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Domain-general learning Source: en.wikipedia.org/wiki/Domain-general_learning

Domain-general learning theories of development suggest that humans are born with mechanisms in the brain that exist to support and guide learning on a broad level, regardless of the type of information being learned.[1][2][3] Domain-general learning theories also recognize that although learning different types of new information may be processed in the same way and in the same areas of the brain, different domains also function interdependently. Because these generalized domains work together, skills developed from one learned activity may translate into benefits with skills not yet learned.[4] Another facet of domain-general learning theories is that knowledge within domains is cumulative, and builds under these domains over time to contribute to our greater knowledge structure. Psychologists whose theories align with domain-general framework include developmental psychologist Jean Piaget, who theorized that people develop a global knowledge structure which contains cohesive, whole knowledge internalized from experience, and psychologist Charles Spearman, whose work led to a theory on the existence of a single factor accounting for all general cognitive ability.

Domain-general learning theories are in direct opposition to domain-specific learning theories, also sometimes called theories of Modularity. Domain-specific learning theories posit that humans learn different types of information differently, and have distinctions within the brain for many of these domains. Domain-specific learning theorists also assert that these neural domains are independent, purposed solely for the acquisition of one skill (i.e. facial recognition or mathematics), and may not provide direct benefits in the learning of other, unrelated skills.

Related Theories[edit]

Piaget’s Theory of Cognitive Development[edit]

Jean Piaget

Developmental psychologist, Jean Piaget, theorized that one's cognitive ability, or intelligence – defined as the ability to adapt to all aspects of reality – evolves through a series of four qualitatively distinct stages (the sensorimotor, pre-operational, concrete operational and formal operational stages).[5] Piaget's theory describes three core cognitive processes that serve as mechanisms for transitioning from one stage to the next.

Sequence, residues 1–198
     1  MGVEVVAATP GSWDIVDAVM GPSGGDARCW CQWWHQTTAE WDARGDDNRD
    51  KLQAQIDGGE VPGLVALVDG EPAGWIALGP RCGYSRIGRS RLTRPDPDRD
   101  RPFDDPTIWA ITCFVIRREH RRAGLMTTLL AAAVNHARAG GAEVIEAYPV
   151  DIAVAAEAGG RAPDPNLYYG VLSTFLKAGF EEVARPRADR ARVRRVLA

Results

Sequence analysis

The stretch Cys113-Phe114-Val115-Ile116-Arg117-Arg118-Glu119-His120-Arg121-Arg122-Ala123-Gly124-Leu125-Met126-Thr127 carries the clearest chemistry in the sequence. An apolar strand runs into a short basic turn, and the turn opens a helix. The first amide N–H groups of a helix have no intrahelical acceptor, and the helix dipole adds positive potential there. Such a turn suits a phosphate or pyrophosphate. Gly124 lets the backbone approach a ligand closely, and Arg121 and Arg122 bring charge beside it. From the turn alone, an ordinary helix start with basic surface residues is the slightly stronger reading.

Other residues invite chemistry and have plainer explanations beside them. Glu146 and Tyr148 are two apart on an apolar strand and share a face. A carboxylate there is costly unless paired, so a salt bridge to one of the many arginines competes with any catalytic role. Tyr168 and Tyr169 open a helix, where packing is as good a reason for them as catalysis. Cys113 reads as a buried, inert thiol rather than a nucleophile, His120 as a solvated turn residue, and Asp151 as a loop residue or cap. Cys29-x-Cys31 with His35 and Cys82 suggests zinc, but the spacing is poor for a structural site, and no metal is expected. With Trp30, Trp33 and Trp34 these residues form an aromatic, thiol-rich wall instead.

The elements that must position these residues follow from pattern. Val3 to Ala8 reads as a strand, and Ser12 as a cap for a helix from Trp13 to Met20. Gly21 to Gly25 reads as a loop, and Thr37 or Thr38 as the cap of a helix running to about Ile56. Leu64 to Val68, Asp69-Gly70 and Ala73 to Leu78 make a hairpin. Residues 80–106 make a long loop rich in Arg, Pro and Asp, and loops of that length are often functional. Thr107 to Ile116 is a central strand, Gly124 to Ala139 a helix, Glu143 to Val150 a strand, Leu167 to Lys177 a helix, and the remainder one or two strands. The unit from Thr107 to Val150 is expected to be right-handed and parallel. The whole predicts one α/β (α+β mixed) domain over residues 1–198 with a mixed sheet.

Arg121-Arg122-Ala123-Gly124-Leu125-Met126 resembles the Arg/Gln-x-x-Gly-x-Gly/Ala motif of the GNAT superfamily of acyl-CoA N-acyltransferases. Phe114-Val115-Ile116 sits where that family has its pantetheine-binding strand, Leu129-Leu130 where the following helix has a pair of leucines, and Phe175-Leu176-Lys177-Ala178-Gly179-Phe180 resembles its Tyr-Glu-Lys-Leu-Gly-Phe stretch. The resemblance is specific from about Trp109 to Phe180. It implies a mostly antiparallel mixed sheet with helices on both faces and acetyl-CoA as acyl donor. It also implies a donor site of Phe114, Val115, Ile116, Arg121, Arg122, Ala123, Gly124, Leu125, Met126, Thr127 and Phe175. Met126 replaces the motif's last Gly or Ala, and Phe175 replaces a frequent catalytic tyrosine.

Piaget's core processes for developmental change:

  • Assimilation: The process of transforming new information so that it fits with ones' existing way of thinking.[5]
  • Accommodation: The process of adapting ones' thinking to account for new experiences.[5]
  • Equilibration: The process by which one integrates their knowledge about the world into one unified whole.[5]

However, these processes are not the only processes responsible for progressing through Piaget's developmental stages. Each stage is differentiated based upon the types of conceptual content that can be mastered within it.[6] Piaget's theory holds that transitioning from one stage of development to the next is not only a result of assimilation, accommodation, and equilibration, but also a result of developmental changes in domain-general mechanisms. As humans mature, various domain-general mechanisms become more sophisticated, and thus, according to Piaget, allow for growth in cognitive functioning.[6]

For example, Piaget's theory notes that the humans transition into the concrete operation stage of cognitive development when they acquire the ability to take perspective, and no longer have egocentric thinking (a characteristic of the pre-operational stage).[5][6] This change can be viewed as the result of developmental changes in information processing capacity.[6] Information processing is a mechanism that is used across many different domains of cognitive functioning, and thus can be seen as a domain-general mechanism.

Psychometric Theories of Intelligence[edit]

Psychometric analysis of measurements of human cognitive abilities (intelligence) may suggest that there is a single underlying mechanism that impacts how humans learn. In the early 20th century, Charles Spearman noticed that children's scores on different measures of cognitive abilities were positively correlated. Spearman believed that these correlations could be attributed to a general mental ability or process that is utilized across all cognitive tasks. Spearman labeled this general mental ability as the g factor, and believed g could represent an individual's overall cognitive functioning. The presence of this g factor across different cognitive measures is well-established and uncontroversial in statistical research. It may be that this g factor highlights domain-general learning (cognitive mechanisms involved in all cognition), and that this general learning accounts for the positive correlations across seemingly different cognitive tasks. It is important to note, however, there currently is no consensus to what causes the positive correlations.

An illustration of John B. Carroll's three stratum theory, an influential contemporary model of cognitive abilities. The broad abilities recognized by the model are fluid intelligence (Gf), crystallized intelligence (Gc), general memory and learning (Gy), broad visual perception (Gv), broad auditory perception (Gu), broad retrieval ability (Gr), broad cognitive speediness (Gs), and processing speed (Gt). Carroll regarded the broad abilities as different "flavors" of g.

Spearman's work was expanded upon by Raymond B. Cattell, who broke g into two broad abilities: fluid intelligence (Gf) and crystallized intelligence (Gc). Cattell's student, John Horn, added additional broad abilities to Cattell's model of intelligence. In 1993, John B. Carroll added more specificity to Cattell and Horn's Gf-Gc model by adding a third layer of human intelligence factors. Carroll named these factors “narrow abilities”. Narrow abilities are described as abilities that do not correlate with skills outside their domain, following more along the lines of domain-specific learning theories.